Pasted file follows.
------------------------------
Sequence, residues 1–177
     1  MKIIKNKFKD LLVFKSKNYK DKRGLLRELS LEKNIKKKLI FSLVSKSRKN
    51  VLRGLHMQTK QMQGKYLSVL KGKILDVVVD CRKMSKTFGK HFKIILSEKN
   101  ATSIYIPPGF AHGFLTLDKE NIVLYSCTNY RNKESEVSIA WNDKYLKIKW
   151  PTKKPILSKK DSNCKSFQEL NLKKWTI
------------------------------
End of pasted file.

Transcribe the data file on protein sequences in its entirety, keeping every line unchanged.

Sequence, residues 1–177
     1  MKIIKNKFKD LLVFKSKNYK DKRGLLRELS LEKNIKKKLI FSLVSKSRKN
    51  VLRGLHMQTK QMQGKYLSVL KGKILDVVVD CRKMSKTFGK HFKIILSEKN
   101  ATSIYIPPGF AHGFLTLDKE NIVLYSCTNY RNKESEVSIA WNDKYLKIKW
   151  PTKKPILSKK DSNCKSFQEL NLKKWTI